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India eliminates extreme poverty, says Brookings article citing consumption expenditure data for 2022-23

In the article, the two noted economists cite the data to say real per capita consumption has grown 2.9 per cent per annum since 2011-12, with rural growth at 3.1 per cent being significantly higher than urban growth of 2.6 per cent

PTI New Delhi Published 02.03.24, 04:31 PM
Representational image.

Representational image. File

India has eliminated extreme poverty, a commentary authored by economists Surjit Bhalla and Karan Bhasin in a leading American think-tank The Brookings Institution said, citing the just released consumption expenditure data for 2022-23.

In the article, the two noted economists cite the data to say real per capita consumption has grown 2.9 per cent per annum since 2011-12, with rural growth at 3.1 per cent being significantly higher than urban growth of 2.6 per cent.

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Also, there has been an unprecedented decline in urban and rural inequality. The urban Gini declined from 36.7 to 31.9; the rural Gini declined from 28.7 to 27.0.

The Gini coefficient, or the Gini index, measures the inequality of income distribution, whereas a higher value closer to one (or 100 per cent) represents greater inequality.

"In the annals of inequality analysis, this decline is unheard of, and especially in the context of high per capita growth," the article states.

High growth and a large decline in inequality have combined to eliminate poverty in India, it said, citing the PPP of USD 1.9 (purchasing power parity at 2011 prices and not the PPP USD 2.15 line at 2017 prices).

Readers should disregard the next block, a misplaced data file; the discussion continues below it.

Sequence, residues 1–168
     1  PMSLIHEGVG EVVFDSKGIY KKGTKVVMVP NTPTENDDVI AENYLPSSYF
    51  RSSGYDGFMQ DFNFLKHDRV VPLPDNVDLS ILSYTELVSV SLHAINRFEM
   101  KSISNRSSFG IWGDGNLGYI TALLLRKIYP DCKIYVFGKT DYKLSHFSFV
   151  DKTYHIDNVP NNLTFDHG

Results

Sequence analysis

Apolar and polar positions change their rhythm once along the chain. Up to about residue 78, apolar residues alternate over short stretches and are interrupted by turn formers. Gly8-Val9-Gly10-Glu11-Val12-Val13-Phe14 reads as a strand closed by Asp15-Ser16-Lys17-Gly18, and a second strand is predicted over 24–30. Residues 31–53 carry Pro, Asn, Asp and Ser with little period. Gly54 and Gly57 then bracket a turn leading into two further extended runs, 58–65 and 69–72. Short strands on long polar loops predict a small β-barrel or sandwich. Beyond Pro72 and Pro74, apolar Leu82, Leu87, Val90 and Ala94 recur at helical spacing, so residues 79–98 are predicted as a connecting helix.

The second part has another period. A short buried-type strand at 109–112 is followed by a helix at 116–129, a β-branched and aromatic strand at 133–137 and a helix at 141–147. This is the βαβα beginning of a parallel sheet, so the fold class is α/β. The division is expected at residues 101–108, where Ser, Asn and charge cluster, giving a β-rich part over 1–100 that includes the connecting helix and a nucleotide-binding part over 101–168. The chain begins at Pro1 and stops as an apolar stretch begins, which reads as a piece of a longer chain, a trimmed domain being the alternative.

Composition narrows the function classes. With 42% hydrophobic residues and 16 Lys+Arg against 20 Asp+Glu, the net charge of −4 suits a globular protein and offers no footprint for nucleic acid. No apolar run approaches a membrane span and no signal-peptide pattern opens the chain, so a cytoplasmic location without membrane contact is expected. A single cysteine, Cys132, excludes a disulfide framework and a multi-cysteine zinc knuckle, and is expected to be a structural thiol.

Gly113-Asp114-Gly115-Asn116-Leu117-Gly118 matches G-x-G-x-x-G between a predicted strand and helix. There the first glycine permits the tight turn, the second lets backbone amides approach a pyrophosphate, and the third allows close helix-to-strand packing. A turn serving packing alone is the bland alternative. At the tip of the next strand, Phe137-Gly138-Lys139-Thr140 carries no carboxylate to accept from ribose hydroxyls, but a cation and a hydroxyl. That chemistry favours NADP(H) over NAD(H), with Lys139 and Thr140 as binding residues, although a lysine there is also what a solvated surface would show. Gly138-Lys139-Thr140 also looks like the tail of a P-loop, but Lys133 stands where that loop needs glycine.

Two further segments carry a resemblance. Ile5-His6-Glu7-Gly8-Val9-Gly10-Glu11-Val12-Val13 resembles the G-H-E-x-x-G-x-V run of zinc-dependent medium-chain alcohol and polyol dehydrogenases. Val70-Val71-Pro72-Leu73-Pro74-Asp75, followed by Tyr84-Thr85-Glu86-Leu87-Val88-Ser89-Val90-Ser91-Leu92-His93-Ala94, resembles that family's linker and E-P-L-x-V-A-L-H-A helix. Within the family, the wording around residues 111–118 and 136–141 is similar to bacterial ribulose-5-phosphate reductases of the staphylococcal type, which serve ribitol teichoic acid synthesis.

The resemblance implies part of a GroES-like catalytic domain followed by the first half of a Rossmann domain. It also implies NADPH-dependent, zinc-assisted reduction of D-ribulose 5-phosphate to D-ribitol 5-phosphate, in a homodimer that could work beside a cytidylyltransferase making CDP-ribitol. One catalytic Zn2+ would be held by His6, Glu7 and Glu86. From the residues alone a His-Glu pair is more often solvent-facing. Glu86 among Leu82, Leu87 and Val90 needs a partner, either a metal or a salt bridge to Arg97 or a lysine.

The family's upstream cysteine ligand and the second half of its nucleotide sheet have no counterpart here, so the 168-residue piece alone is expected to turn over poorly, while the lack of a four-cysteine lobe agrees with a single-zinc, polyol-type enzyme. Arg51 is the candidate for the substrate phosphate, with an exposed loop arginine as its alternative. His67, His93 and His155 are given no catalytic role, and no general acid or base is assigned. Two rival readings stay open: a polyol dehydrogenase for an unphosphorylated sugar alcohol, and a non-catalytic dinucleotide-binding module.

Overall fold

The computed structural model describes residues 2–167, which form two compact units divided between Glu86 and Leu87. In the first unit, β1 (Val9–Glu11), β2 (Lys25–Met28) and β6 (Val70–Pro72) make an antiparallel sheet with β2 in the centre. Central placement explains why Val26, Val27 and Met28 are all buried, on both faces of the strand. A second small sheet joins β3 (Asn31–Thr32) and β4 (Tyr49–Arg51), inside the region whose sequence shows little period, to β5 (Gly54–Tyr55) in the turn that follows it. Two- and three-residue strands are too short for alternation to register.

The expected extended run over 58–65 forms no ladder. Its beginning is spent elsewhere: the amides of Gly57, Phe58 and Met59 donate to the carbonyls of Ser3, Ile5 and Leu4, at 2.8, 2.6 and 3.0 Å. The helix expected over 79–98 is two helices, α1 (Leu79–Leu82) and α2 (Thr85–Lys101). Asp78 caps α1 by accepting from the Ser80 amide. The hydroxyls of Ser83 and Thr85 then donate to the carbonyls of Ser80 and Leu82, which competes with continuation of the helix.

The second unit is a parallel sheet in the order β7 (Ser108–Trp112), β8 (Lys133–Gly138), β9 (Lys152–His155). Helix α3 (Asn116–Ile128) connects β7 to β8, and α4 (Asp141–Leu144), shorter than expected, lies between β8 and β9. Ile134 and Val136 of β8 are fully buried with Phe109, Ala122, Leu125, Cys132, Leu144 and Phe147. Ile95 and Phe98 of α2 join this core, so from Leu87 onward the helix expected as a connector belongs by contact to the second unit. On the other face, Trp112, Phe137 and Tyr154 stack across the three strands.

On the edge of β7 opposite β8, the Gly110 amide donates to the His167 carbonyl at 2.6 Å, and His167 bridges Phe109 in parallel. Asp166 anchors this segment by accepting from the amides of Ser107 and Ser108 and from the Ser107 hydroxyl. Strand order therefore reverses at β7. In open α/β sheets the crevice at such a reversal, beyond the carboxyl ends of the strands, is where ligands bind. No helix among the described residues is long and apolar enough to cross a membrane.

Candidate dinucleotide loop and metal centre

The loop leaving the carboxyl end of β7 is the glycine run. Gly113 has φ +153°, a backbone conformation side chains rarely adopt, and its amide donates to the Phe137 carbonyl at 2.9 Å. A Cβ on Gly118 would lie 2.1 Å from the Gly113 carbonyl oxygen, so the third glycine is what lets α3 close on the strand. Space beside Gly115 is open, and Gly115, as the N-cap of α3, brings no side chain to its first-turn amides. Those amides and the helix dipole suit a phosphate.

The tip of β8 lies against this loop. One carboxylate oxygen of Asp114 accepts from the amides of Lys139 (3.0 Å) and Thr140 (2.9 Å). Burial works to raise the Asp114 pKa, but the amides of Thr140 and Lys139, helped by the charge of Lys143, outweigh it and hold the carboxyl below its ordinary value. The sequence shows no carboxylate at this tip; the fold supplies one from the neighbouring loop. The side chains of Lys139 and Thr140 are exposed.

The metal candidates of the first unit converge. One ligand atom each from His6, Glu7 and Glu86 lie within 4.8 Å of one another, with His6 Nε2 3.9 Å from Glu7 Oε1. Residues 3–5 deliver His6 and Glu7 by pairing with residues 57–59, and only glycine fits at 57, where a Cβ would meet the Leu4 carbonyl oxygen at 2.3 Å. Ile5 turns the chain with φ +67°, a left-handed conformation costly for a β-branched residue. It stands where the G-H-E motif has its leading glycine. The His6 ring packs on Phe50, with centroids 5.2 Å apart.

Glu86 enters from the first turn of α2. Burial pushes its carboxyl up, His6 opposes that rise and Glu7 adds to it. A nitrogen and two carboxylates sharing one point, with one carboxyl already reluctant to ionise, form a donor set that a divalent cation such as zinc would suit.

This, the economists argued, was more because the PPP of USD 1.9 closely corresponds to the official India Tendulkar poverty line.

The Headcount Poverty Ratio (HCR), the proportion of a population that lives below the poverty line, has declined from 12.2 per cent in 2011-12 to 2 per cent in 2022-23, equivalent to 0.93 percentage points per year.

Rural poverty stood at 2.5 per cent, while urban poverty was down to 1 per cent.

"These estimates do not take into account the free food (wheat and rice) supplied by the government to approximately two-thirds of the population, nor utilisation of public health and education," the authors noted in the commentary.

The decline in HCR is remarkable given that in the past it took 30 years for India to witness a similar decline in poverty levels, which has now been witnessed over 11 years, the article said.

Given the near elimination of extreme poverty, India should now graduate to a higher poverty line, which would provide an opportunity to redefine existing social protection programmes to give greater support to the genuinely poor, it added.

"Official data now confirms that India has eliminated extreme poverty as commonly defined in international comparisons," the economists said.

This is an encouraging development with positive implications for global poverty headcount rates. This also means that the time has come for India to graduate to a higher poverty line much like other countries. The transition to a higher poverty line provides an opportunity to redefine existing social protection programmes, particularly with the objective of better identification of intended beneficiaries and providing greater support to the genuine poor, it added.

Except for the headline, this story has not been edited by The Telegraph Online staff and has been published from a syndicated feed.

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